Azaro is separated from his mother and gets lost. Azaro in a fit to find his mother meets several women who kidnap him. He realizes they are priestesses who have shielded themselves from any harm from reality or spirituality. The women also kidnap another woman wounded from the riot. The women carry Azaro and the wounded woman into a boat and rowed in silence to an island not so far away from where they were initially.
On the island, Azaro is given a shower and is fed well. He is also given a silky cloth that feels like he is being ”wrapped in a cloud.” The hospitality of the women is intense and he begins to feel comfortable on the island. During his walk around the island, Azaro discovers the goddess of the island who is heavily pregnant. At night, the goddess’s piercing cry startles him from his sleep. He notices her enormous pregnancy reflecting under the moonlight across the sea and is in awe.
One night, as she groans, her worshippers circle her dancing. As he stared on, he sees a cat who asks him why the goddess has not given birth after such a long time. Then, it tells him he is the one the goddess is going to give birth to. Azaro, realizing he is in danger thinks of an escape plan. He finds the wounded woman at the corner of the room and tells her that they need to escape. They creep out of the shrine house successfully and got to the boat. As they started rowing, the goddess of the island lets out a loud scream and the winds begin to lash out on the water, letting out dangerous waves. However, this does not stop Azaro and the wounded woman. They keep rowing with all of their strength while being followed swiftly by the women.
When they successfully get to shore, the wounded woman collapses in exhaustion. Azaro’s attempt to revive her fails. As he notices the women coming closer, he mutters a short prayer for her and runs.
Azaro sleeps under the lorry the night after he ran away from the strange cult of women. In the morning, he realizes he is in the marketplace. Extremely hungry, Azaro walks up to the traders and stares at them hoping they understood his message. Many of the traders send him away. Eventually, he is given a loaf of bread by a man with four hands.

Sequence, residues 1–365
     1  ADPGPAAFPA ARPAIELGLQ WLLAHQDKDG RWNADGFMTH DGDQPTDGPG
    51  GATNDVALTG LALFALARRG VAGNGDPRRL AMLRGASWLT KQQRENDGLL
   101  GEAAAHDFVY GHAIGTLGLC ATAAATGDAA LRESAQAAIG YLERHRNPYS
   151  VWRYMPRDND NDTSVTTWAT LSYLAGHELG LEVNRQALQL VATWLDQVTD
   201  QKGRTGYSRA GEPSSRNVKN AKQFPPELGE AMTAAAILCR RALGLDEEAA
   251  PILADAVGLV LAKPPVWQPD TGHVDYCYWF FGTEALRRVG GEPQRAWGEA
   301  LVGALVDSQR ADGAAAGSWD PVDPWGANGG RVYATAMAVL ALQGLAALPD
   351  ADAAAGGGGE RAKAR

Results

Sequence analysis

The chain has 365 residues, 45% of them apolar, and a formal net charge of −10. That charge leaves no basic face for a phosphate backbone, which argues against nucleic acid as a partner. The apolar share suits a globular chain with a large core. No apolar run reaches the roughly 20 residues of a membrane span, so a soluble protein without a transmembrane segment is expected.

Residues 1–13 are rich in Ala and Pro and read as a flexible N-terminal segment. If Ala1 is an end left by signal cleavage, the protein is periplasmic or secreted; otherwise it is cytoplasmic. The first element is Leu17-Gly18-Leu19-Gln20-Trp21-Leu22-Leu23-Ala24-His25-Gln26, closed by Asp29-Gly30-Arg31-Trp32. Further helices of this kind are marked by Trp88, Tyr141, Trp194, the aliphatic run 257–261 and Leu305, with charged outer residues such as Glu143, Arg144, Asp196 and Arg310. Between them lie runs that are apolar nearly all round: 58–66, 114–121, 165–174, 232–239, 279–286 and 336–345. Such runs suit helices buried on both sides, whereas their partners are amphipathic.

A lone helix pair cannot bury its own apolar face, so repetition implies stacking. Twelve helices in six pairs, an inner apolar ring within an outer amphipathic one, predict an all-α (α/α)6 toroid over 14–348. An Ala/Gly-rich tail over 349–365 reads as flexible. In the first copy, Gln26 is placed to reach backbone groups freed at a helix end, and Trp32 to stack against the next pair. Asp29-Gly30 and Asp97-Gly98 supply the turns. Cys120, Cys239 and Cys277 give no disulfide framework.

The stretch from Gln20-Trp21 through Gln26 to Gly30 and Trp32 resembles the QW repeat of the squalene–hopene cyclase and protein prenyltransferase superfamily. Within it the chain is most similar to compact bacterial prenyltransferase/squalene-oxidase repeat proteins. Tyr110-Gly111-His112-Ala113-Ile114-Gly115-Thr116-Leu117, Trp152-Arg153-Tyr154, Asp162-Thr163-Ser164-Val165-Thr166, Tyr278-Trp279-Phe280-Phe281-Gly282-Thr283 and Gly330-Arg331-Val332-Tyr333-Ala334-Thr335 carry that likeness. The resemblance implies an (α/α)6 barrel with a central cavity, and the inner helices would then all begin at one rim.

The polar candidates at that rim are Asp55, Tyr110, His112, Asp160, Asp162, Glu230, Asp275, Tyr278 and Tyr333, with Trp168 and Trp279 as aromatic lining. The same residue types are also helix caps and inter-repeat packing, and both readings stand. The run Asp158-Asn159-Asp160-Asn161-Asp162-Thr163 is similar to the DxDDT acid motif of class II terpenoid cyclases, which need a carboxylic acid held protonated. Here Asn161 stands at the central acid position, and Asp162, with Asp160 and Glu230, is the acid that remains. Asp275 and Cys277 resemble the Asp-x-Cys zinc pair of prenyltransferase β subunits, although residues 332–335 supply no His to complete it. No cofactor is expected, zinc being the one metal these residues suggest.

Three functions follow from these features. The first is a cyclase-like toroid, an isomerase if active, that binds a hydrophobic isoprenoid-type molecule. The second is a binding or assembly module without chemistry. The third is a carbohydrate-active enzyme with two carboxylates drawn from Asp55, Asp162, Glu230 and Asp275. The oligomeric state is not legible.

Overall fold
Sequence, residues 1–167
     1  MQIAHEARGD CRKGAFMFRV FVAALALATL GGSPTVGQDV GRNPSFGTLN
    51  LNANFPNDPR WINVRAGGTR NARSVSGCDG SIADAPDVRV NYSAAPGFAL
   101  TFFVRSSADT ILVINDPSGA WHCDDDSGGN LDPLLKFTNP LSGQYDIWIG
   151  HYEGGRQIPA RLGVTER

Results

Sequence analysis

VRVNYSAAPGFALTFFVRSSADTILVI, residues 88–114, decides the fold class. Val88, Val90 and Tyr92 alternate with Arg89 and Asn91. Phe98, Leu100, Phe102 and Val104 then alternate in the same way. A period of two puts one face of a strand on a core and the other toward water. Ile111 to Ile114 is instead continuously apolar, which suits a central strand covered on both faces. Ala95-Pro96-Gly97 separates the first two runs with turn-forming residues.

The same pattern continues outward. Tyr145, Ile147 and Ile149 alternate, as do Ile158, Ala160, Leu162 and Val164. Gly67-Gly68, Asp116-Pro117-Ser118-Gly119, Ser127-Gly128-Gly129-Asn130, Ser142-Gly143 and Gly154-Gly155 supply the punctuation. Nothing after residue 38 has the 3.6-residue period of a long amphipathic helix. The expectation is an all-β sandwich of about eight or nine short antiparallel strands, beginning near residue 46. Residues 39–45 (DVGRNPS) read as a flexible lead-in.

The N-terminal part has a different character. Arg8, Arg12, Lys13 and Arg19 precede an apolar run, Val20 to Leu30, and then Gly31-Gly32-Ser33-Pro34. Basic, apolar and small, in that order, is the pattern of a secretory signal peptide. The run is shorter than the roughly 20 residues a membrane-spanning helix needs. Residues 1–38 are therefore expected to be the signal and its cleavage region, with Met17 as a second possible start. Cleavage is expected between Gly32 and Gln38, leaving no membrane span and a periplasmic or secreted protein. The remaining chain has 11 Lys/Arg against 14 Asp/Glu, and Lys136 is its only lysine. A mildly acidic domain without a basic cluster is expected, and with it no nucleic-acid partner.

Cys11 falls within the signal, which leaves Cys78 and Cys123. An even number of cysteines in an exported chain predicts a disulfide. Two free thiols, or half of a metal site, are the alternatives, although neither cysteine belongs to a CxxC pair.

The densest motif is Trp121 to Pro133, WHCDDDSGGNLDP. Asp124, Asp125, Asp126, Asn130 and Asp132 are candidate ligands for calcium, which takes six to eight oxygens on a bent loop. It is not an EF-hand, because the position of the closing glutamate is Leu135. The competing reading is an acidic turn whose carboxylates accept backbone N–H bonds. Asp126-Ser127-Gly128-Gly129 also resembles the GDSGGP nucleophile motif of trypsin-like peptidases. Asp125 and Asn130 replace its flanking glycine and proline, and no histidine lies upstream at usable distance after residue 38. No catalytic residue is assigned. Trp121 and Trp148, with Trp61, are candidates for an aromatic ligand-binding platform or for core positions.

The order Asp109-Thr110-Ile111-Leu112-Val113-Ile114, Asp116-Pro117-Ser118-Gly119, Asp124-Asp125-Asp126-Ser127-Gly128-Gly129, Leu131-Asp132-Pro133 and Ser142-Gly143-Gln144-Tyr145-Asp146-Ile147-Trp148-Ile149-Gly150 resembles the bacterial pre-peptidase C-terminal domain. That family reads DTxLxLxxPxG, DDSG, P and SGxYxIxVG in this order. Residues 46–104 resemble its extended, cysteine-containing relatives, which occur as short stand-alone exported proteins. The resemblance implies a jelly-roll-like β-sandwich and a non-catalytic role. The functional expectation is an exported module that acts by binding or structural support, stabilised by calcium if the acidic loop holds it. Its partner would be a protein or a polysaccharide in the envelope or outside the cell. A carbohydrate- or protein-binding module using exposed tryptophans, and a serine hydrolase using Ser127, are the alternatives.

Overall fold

Azaro begins to scan his environment and discovers spirits also come to the market. While he is staring, some of the spirits discover him. Azaro, realizing he has been caught pretends to not see them. They taunt him and come towards him, sometimes blocking him. He shows no sign of knowing they are there. Afterward, the spirits get tired and walk away. Azaro leaves to another side of the market. He follows one of the spirits that is leaving the market curious to know where it is going. While he is following the ”baby spirit with the face of a squirrel,” he comes across a bleeding fallen tree.
The spirit and its friends get to where there is a gash on the floor. Azaro hears sharp sundering sound and screams. Azaro is screaming so much that he disturbs a sleeping tortoise. It asks him why he is screaming. Azaro replies that he is lost and demands to know where he is. The tortoise tells him he’s in the belly of the road and dismisses him when Azaro asks too many questions. With no one to ask how to get home, Azaro cries himself to sleep.
Azaro wakes up and discovers he is in a pit at a sand excavation site. He jumps out and walks toward the junction. At the junction, he asks a food seller for water. Azaro finds a place to seat to eat but notices a madman is watching him. Although, he tries to avoid the madman, he unable to. The madman pursues him until he almost gets hit by a lorry. In his fright, Azaro lets go of his little loaf. The madman rushes to the road and picks up the bread eating it along with the nylon wrapped on it and causing traffic.
Azaro continues to run in fear that the madman may remember he is pursuing him. He gets to a clearing and wonders why the strangeness is familiar. He realises a little too late that he is being cajoled by his spirit companions to come back. While struggling between reality and the spirit world, Azaro is hit by a lorry.